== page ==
.NET Bridge allowing Python and R to access .NET libraries, running either locally or remotely

pushedAt 5 months ago


.Net Bridge

.NET Bridge allows Python and R to access .NET libraries, with the .NET library running either locally or on a remote machine. From R or Python one can:

  • create .NET objects
  • call member functions
  • call class functions (i.e. static members)
  • access and set properties
  • access indexing members

Two packages are provided, in addition to the .NET codebase:

The following data types in arguments are supported:

  • .NET objects
  • integers (16, 32, 64) bit
  • floats (32, 64) bit
  • strings
  • byte
  • enums
  • boolean
  • arrays of: objects, integers, doubles, boolean, bytes, strings, etc
  • vectors (with optional named index)
  • matrices (with optional named row and column indices)

Needless to say, the framework supports code written in C#, F#, or other .NET languages. Access to types is made through reflection and does not need to be language aware.

How It Works

The R or Python packages communicate with the .NET side through simple client / server interactions. Your .NET libraries are loaded by a runner CLRServer.exe that provides a TCP-based API, giving full visibility into your library(ies).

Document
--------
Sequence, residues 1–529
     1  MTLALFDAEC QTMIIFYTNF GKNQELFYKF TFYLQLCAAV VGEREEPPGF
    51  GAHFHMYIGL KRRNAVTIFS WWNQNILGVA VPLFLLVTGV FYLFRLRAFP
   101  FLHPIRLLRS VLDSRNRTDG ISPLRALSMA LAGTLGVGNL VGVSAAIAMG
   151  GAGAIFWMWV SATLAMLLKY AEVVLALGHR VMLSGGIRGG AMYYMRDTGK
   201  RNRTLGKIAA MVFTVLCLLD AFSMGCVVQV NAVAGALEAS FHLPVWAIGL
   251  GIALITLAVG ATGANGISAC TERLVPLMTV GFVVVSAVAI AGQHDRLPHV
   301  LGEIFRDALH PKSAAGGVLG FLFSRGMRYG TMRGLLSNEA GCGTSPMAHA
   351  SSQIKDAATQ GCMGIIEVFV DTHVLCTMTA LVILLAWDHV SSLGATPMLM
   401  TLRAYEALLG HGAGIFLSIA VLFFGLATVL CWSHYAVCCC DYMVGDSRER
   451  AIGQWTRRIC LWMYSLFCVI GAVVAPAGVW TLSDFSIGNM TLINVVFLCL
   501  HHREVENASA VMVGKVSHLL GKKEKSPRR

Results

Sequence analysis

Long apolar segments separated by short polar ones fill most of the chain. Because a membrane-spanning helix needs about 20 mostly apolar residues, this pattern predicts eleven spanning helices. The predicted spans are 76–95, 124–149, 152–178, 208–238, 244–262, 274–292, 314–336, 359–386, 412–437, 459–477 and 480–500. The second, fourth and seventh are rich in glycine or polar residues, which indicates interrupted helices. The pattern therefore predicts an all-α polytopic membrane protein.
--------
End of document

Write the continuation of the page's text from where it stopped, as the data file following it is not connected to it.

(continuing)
On first use from R or Python, the package will start the .NET bridge server (or alternatively connect to an existing server). If the server is started from within VisualStudio, Xamarin Studio, or other tool, can be run in debug mode, so that you can debug your libraries as they are called from R or Python.

When a method is first called the code looks for all methods in a class that may match based on name and number of arguments and then picks the method from that subset with the closest convertible signature. The argument set need not be a perfect match in terms of types provided that the types can be reasonably converted. For example strings will be converted to enum values if a given signature requires an enum, integers can be converted to floating point, double[] arrays can be applied to double[] or Vector, etc. These signatures are cached so that subsequent calls avoid scanning.

For example if a class has 2 overloaded public methods "F":

  • public double F (double x, Vector<double> series)
  • public double F (Direction dir, Vector<double> series)

where Direction is enum Direction { Up, Down }. If the object is called from R or python as:

obj.F ('Up', [0.1, 0.2, 3.0, 3.1, 3.2])

the second method would be chosen given that 'Up' is convertible to Direction.Up and the numeric array is convertible to Vector<double>.


The .NET bridge server (CLRServer.exe) will not have access to your code unless you indicate a DLL to be loaded. One needs to instruct the server to load a dll or dlls from your environment. There are a number of ways to do this:

  • run CLRServer.exe -dll on the command line
  • run CLRServer.exe -dll in your favorite IDE (particularly useful for debugging)
  • run from within R or Python